In this short cut-out animation by Evelyn Lambart, two duelling birds get the urge to change their plumage. A blue jay wants to be decked out in the green of cedar, and a loon dons the burnished red of oak leaves, but neither bird foresees the consequences of vanity. A strong gust of wind teaches both birds that their natural, well-anchored feathers provided better protection than their costumes.
In this short animation by Evelyn Lambart, a greedy little blue jay carries away whatever his beak can grasp. Berries, birds' eggs (nests and all), and even the sun in the sky go into his secret cache. Nothing is safe from his consuming avarice. But, as in Lambart’s film Fine Feathers, there is a moral tucked away. The blue jay learns a lesson about the importance of sharing, and he and his friends are all the merrier for it.
In this colourful animated short by renowned filmmaker Evelyn Lambart, a handsome frog courts and wins a mouse for his bride. The story was inspired by a popular old folk song and nursery rhyme, originally published in 1548. Sung by Derek Lamb to lute accompaniment.
The film’s ending, which is also taken from the original song, might not be suitable for some audiences, especially very young audiences. Parental discretion is advised.
Created by award-winning animator/director Les Drew, this animated short features Doris Dingle and her family of three cats. Sure to appeal to children of all ages, The Dingles shows what happens when an unexpected violent wind disrupts the family's idyllic life. The film is based on the book The Dingles, written by Helen Levchuk and illustrated by John Bianchi.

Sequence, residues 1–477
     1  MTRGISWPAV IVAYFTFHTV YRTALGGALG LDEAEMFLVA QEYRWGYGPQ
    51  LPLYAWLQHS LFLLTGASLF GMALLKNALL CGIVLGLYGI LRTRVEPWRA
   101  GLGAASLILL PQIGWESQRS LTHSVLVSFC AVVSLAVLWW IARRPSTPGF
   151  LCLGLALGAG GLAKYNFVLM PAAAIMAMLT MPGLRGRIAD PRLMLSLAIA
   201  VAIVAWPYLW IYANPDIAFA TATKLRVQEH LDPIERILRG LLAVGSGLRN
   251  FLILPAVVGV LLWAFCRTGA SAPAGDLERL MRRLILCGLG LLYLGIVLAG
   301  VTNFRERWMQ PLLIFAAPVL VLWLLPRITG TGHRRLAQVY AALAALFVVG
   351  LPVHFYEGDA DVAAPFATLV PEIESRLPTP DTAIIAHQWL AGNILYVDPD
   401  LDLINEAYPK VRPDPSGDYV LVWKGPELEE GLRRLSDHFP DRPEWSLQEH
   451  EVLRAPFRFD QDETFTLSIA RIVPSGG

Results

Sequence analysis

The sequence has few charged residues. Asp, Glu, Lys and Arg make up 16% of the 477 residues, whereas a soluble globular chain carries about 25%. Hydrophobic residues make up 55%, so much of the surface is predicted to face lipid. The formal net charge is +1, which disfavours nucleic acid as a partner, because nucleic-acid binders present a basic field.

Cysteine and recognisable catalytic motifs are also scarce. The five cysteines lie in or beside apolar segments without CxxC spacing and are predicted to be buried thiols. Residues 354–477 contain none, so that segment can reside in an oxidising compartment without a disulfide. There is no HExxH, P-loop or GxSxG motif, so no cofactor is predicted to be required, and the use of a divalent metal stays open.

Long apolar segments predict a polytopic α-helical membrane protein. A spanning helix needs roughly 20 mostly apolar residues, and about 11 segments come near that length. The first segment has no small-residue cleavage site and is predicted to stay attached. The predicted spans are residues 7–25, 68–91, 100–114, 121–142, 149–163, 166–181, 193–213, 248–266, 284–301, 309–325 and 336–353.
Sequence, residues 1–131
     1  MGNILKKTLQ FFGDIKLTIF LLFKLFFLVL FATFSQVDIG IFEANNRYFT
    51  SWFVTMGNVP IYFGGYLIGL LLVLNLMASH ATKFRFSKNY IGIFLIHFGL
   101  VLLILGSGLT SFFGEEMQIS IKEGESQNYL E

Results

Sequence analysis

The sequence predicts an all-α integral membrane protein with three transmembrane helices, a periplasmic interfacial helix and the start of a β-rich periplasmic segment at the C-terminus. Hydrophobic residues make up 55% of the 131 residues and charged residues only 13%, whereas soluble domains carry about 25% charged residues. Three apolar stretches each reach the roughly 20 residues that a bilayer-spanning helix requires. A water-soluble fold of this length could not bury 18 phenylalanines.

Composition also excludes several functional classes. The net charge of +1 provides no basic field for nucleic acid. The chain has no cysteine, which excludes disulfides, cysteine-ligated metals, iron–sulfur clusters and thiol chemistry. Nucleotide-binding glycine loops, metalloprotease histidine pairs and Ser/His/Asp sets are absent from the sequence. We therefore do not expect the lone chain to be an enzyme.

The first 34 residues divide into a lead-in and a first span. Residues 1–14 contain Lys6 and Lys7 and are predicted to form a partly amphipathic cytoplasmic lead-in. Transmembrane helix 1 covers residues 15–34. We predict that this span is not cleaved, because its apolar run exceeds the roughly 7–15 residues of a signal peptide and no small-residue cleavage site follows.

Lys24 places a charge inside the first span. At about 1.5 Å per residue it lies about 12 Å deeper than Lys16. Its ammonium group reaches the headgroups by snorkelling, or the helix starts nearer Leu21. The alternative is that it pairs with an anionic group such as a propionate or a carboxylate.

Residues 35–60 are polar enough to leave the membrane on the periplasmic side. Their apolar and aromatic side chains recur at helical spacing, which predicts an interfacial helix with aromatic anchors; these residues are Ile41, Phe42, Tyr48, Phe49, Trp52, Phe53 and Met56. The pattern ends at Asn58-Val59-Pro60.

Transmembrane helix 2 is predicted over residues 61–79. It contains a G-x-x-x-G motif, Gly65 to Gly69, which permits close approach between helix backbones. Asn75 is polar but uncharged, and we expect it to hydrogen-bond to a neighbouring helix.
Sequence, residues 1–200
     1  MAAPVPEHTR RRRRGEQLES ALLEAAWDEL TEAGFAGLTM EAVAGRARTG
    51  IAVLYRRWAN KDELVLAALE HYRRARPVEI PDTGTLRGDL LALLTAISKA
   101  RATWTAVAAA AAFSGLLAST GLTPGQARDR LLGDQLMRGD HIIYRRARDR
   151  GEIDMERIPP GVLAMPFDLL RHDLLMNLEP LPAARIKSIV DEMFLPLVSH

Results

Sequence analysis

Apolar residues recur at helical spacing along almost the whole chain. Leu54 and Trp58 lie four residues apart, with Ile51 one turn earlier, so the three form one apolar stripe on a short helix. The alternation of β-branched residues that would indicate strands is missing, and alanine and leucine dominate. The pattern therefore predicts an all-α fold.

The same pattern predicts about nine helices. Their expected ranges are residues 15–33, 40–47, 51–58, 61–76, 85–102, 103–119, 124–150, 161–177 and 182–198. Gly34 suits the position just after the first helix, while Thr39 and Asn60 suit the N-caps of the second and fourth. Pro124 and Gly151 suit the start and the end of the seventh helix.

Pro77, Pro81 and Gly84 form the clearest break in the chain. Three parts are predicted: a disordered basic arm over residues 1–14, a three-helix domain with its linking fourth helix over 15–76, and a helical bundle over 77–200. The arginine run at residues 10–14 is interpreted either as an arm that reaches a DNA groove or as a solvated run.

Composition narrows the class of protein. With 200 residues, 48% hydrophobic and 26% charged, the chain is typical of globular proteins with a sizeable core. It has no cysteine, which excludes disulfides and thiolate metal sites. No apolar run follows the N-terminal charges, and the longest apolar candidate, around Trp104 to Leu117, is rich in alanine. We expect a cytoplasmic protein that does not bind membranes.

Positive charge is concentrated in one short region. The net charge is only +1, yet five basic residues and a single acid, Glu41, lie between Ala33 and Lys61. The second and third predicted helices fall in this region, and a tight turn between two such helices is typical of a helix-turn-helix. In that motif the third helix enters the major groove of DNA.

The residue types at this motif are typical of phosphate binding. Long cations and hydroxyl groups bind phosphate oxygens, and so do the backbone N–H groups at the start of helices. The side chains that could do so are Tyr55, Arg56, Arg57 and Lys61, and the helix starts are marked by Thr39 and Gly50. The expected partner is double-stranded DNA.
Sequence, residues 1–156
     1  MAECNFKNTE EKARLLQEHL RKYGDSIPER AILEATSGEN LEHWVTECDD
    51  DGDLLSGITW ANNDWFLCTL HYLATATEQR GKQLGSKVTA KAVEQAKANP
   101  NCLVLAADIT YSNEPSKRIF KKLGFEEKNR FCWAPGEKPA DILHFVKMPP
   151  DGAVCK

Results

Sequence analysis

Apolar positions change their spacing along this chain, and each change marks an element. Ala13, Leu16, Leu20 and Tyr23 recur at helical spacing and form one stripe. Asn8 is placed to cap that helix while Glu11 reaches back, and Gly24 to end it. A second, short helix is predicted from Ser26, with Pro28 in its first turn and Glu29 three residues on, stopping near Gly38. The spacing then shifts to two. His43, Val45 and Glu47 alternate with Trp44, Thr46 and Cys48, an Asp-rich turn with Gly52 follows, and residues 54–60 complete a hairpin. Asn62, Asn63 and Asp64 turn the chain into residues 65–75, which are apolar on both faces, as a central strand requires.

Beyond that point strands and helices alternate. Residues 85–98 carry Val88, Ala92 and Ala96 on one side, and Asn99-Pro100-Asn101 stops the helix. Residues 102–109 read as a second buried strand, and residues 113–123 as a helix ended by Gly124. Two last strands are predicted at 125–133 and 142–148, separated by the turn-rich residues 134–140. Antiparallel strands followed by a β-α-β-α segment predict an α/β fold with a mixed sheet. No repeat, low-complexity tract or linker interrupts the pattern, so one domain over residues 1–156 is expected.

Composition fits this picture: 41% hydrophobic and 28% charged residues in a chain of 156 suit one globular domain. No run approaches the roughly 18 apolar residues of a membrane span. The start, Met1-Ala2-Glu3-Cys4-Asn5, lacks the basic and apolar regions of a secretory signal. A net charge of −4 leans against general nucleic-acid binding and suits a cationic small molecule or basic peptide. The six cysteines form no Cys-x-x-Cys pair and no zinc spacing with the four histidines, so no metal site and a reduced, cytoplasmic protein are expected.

The NFB's 45th Oscar®-nominated film.
This short animation is a zany version of the classic fairy tale, with the leading role played by a mistreated, romantic penguin, with hilarious results. Cinderella Penguin loses her magic flipper as she runs to meet her midnight deadline, but all ends well when Prince Charming finds the right webbed foot and the nasty step-family is brought to heel.
A variation on a fable by Aesop ("The Lion and the Mouse") in which a mouse aids a mighty lion who had once spared his life. This children's film casts real animals – with a big brown bear in the role of the lion, and proves that little friends can prove to be great friends indeed.
In this animated short, Evelyn Lambart uses her well-known style of animation – paper figures and brightly colored backgrounds – to revisit Aesop’s tale of 2 mice with vastly different lifestyles. Ultimately, the film suggests it is far better to live simply and in peace than to live in luxury amidst danger.
In this children’s film, a white mouse cavorts about the forest, mostly on the back of a bumbling black bear, creating such a stir that other forest creatures (a deer, a tortoise, a hawk and a hound) have to put a stop to it. Animals speak with human voices and “act” out their parts.
This short cartoon film for young kids tells the adventures of a little chick from the time he falls from an egg basket and breaks out of his shell. Together with a duck who waddles along, he goes to explore the world and discovers there is much to learn, even in his own farmyard. (The Peep Show is an early version of the acclaimed cartoon Peep and the Big Wide World.)
This animated short tells the story of Anansi, a little spider who is tired of being snubbed by other the jungle animals, especially Mr. Tiger. As Anansi plots and schemes to change things, he realizes he can't gain respect by putting others down.
Part of the Talespinners collection, which uses vibrant animation to bring popular children’s stories from a wide range of cultural communities to the screen.